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[IP] Complications etc.

I am 53 years old and I have diabetes. It's none of my mother's business what 
my control is like or what the results of my tests are. If I want to tell 
her, that's my business. Sometimes I choose to; sometimes I don't. She has 
the courtesy not to pry. 

I also have a 33-year-old daughter who has diabetes. It's none of my business 
how she handles her diabetes. If she wants my advice on anything, she will 
ask and I will answer her questions. 

I also have no control over how she raises her children (my grandchildren). I 
can make suggestions, but she does not have to follow them. They don't have 
diabetes (thank goodness), but I'd like to get their hair cut. Their mother 
says "no." So be it. I don't like the way she lets them dress, either, but I 
can only monitor that when they are staying with me. So be it.

It might behoove you to realize that your daughter is an adult in charge of 
her own life and that her daughter is hers to raise. And accept that.

Jan and Elvis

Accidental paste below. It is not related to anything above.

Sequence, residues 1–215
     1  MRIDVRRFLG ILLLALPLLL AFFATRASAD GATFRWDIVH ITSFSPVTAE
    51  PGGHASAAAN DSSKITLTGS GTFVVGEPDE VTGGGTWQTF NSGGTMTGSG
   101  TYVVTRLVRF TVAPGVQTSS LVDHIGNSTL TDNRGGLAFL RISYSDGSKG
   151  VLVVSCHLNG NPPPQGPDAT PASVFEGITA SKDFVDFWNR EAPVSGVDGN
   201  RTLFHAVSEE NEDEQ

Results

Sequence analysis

In a message dated 9/27/02 11:19:13 AM US Eastern Standard Time, 
email @ redacted writes:

 I am even more frustrated that I, as the grandparent of a Type I dx'd one 
year ago, have absolutely NO CONTROL over any of my g-daughter's diabetes 
issues, much less her mother who has had Type I for 32 years.  I wish my 
daughter was as attentive to her diabetes and my g-daughter's as you all are. 
 I asked her 2 or 3 times what the results of their A1C's were that were 
taken almost 1 month ago and she can't seem to find the time to call and ask 
the doctor.  She said "if they're bad - they'll let me know".  Like she 
doesn't care - she isn't even curious.  They both went on the pump this past 
July and it would be nice to know if their A1C's have improved being on the 
pump.  I wish she belonged to this list or !
 the parents of diabetes.com list that I am also on - but she homeschools 
because of my g-daughter's diabetes and puts 100% of her energy into that.  
She's almost obsessed with it - they way I am obsessed with quality of life 
for diabetes and these mailing lists.   But I have absolutely no power or 
choice in these matters.  It's very frustrating.  It's good in one way she 
doesn't make D her life's work or obsess about it - but there should be a 
happy medium.  Any suggestions to help me deal with all this and keep what 
little sanity I'm hanging on to?  Thanks  
 Tammy, mom to Joely, dx'd 1970; g-ma to Emma, dx'd 2001; both pumping 7-18-02
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